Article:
The Agony of Gethsemane: The Most Amazing and Terrifying Scene in the Bible

Posted on February 1, 2017 in Theology by

GethsemaneIn the entire Bible there is a single scene that is at once the most loving and most terrifying in all of Scripture. In fact, it’s the most painful scene in all of history. If we’re not careful, we will pass over this scene without fully considering its implications and appreciating its magnitude.

When Jesus was in the Garden of Gethsemane, he demonstrated His obedience to the Father and His love for humanity in the most painful and terrifying way possible. Scripture records the scene for us:

38 Then he said to them, “My soul is very sorrowful, even to death; remain here, and watch with me.” 39 And going a little farther he fell on his face and prayed, saying, “My Father, if it be possible, let this cup pass from me; nevertheless, not as I will, but as you will.” (Matt. 26:38-39)

The time for Jesus’ death was at hand and He, now more than ever, began to feel the weight of His purpose for being born. His birth was about His death. The manger was really about the cross. And Jesus felt the weight of that horrible moment quickly approaching. But, what you may be surprised to learn is the reason Jesus was so concerned about His impending death.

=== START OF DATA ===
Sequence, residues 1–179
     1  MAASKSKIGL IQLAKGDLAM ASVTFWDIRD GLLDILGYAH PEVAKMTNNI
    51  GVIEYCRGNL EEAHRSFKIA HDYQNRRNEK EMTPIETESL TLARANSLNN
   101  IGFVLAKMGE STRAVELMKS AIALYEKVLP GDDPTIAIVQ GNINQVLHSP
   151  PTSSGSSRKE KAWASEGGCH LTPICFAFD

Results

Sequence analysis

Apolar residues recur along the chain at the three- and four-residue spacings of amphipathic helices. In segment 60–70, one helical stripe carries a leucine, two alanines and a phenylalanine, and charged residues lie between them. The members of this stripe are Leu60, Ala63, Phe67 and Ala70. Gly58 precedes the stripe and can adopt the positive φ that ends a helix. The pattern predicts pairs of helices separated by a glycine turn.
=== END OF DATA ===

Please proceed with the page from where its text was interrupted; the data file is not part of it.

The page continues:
Many people assume that Jesus’ prayer in the garden was because He simply didn’t want to endure the physical agony of death on the cross. Who would want to experience that? The physical pain would be so great that, it has been speculated; no ordinary physical body could have endured what Jesus experienced. It’s easy to conclude from the description given in Matthew, Mark, and John that what Jesus suffered was beyond what any physical body could have tolerated. So no one could have faulted Jesus for seeking another way besides the cross.

But, that’s not what Jesus was in agony about. C.J. Mahaney, in his book The Cross Centered Life, explains:

“We hear Him cry out: Father – is there an alternative? Is there any way to avoid this? If there’s a way this cup could pass from Me, would You please provide that to Me?

“Silence. We can see it in His face – Jesus receives no answer to this desperate entreaty.

“A second time He pleads for an alternative to that horror of abandonment by His Father. If such an alternative existed, the Father would most surely provide it. But the obedient Son’s plea to His loving Father is met with silence. Why?…This is what bearing our sin means to Him – utter distress of soul as He confronts total abandonment and absolute wrath from His Father on the cross, a distress and an abandonment and rejection we cannot begin to grasp.

“In this, our Savior’s darkest hour…do you recognize His love for you?” (C.J. Mahaney, The Cross Centered Life)

Did you catch it? Don’t miss what is being said here because it gives us insight into the nature of God and the relationship of the Trinity.

Jesus was in agony in the garden because He knew He would bear the sin of all eternity in His body. His perfect, sinless body would become sin and bear the weight and punishment of that sin. This does not mean that Jesus somehow developed or was given a sin nature. That is entirely false. Let’s remember that the sin nature is passed from father to child. And because Jesus’ father is God (the Father), He had no sin nature; neither did He take a sin nature on the cross.